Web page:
Lung Cancer in Non-Smokers: A Silent Threat

November 3, 2023

Lung Cancer Awareness Month is observed in November, making it a major month for raising awareness of one of the most common and fatal types of cancer. Even though lung cancer remains a serious threat, growing knowledge, encouraging early detection, and ongoing research give those who are affected hope for prevention, improved treatments, and a better future.

Contrary to popular belief, lung cancer can affect people who have never smoked a single cigarette in their lives. This is a prevalent misconception regarding lung cancer because it is frequently thought to solely be related to tobacco use. It is estimated that about 10-15% of lung cancer patients worldwide are non-smokers. Although it is less common, it is still essential to raise awareness of its prominence since it poses a silent threat to our lives. In this blog, we will be going over the common risk factors for non-smokers so that we will have a better understanding of what contributes to an individual’s susceptibility to acquiring this disease and hence prevent it.

  1. Radon gas

The main risk factor for lung cancer in non-smokers is radon gas exposure. This is an odorless, invisible, radioactive gas that is naturally released from rocks, soil, and water. Although radon gas naturally occurs in the open air, high concentrations of the gas linked to uranium deposits can be dangerous. Typically, radon levels are found to be higher in basements, cellars, and other living spaces in contact with the ground since the gas gets in through small openings and builds up in the air.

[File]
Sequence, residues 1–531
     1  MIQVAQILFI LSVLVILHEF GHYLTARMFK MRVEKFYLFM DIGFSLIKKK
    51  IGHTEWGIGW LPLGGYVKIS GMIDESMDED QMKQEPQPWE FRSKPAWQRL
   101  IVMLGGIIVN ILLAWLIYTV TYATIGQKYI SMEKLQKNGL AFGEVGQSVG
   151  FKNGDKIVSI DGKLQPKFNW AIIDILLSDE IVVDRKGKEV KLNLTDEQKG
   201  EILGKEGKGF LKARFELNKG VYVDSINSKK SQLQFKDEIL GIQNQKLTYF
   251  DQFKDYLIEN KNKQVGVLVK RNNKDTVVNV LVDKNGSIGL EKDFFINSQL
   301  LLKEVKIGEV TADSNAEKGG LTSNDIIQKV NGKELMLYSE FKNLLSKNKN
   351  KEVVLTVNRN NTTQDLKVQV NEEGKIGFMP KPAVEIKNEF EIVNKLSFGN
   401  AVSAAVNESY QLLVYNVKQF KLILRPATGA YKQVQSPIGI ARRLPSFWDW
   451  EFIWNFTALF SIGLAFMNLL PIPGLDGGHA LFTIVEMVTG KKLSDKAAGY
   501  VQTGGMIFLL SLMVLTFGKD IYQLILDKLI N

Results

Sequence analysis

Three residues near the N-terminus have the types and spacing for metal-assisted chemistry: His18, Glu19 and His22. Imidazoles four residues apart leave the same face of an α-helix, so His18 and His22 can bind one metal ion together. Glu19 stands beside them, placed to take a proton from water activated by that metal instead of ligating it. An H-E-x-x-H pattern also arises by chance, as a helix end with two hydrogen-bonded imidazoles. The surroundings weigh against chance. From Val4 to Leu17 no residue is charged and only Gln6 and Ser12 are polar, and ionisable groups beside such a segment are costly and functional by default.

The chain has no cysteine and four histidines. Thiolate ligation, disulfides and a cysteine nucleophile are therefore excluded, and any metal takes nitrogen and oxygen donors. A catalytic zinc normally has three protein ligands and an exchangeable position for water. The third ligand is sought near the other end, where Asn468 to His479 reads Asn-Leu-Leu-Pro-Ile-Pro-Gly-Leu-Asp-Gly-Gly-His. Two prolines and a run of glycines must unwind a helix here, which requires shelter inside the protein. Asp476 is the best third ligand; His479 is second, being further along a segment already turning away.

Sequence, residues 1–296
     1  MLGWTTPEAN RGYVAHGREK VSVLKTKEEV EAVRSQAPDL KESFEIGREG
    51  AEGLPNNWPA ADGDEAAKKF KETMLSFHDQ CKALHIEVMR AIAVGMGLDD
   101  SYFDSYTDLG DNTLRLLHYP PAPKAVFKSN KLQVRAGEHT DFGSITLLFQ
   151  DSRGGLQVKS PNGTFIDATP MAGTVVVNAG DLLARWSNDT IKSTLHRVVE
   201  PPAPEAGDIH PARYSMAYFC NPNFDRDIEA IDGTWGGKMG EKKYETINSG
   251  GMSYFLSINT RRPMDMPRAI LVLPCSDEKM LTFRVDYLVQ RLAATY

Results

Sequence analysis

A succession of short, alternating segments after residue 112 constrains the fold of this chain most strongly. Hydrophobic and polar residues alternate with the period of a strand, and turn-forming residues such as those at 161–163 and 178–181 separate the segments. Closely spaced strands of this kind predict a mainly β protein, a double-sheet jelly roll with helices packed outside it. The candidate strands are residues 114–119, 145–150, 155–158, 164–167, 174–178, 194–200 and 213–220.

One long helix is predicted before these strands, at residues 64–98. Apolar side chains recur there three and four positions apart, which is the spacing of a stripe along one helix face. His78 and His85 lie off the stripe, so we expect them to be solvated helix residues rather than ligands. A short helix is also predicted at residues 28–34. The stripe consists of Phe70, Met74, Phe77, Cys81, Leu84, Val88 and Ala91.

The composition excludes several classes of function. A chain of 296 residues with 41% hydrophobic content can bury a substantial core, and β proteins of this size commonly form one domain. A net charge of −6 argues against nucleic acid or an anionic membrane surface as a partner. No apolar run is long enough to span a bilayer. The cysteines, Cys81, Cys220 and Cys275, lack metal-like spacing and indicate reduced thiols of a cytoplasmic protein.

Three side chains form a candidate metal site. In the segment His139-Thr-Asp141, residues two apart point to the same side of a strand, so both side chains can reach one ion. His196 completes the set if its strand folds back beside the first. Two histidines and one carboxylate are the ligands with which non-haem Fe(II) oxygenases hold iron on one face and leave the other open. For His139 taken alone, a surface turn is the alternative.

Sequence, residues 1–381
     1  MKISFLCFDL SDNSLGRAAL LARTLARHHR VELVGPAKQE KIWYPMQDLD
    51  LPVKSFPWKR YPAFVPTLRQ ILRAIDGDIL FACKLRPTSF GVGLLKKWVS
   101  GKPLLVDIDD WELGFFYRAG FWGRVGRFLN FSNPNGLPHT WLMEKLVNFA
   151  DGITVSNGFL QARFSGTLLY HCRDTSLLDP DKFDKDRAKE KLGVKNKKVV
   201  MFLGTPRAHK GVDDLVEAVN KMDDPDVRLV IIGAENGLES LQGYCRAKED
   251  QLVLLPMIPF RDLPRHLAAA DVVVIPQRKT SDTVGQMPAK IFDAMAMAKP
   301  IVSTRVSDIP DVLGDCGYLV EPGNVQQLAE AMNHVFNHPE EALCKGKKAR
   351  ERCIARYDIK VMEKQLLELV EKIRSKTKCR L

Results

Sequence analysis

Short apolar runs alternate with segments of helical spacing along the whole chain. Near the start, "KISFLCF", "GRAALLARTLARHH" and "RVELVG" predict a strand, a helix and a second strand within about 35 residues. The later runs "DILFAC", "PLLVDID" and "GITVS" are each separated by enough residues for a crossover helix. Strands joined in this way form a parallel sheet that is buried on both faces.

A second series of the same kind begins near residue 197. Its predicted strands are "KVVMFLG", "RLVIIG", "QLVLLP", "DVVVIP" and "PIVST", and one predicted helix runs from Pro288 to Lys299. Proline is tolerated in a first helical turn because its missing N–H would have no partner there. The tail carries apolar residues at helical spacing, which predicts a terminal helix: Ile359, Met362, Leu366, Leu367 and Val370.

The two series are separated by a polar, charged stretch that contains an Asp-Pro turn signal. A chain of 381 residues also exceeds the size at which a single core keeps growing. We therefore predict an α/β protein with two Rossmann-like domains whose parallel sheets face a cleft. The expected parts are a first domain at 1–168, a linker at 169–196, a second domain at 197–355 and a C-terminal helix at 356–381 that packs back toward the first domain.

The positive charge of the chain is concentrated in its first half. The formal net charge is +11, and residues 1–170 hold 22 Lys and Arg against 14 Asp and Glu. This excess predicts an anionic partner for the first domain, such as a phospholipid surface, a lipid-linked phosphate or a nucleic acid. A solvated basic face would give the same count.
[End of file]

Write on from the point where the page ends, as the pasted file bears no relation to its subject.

1. Secondhand smoke

Non-smokers may also experience detrimental effects from the secondhand smoke they consume due to others smoking in their vicinity. Individuals who share a residence or vehicle with smokers are significantly more in danger of lung cancer as a result.

  1. Occupational hazard

Lung cancer may develop due to working in certain environments, especially if workers are exposed to specific toxins like asbestos. Those in construction, mining, and manufacturing are at higher risk of this. 

  1. Genetic factors

While relatively rare, lung cancer can also be inherited as a result of several genetic factors. Particularly, individuals have an elevated risk of lung cancer in the presence of an EGFR or KRAS gene mutation. However, not everyone who carries these mutations is affected by the illness. 

The prevalence of lung cancer in nonsmokers serves as a sharp reminder that anyone, regardless of smoking history, is susceptible to this disease. Thus, it is essential for us to always be prepared and protected. With PrimeHealth Cash Plan, critical, life, and accident insurance can be acquired at a reasonable rate. For more information, visit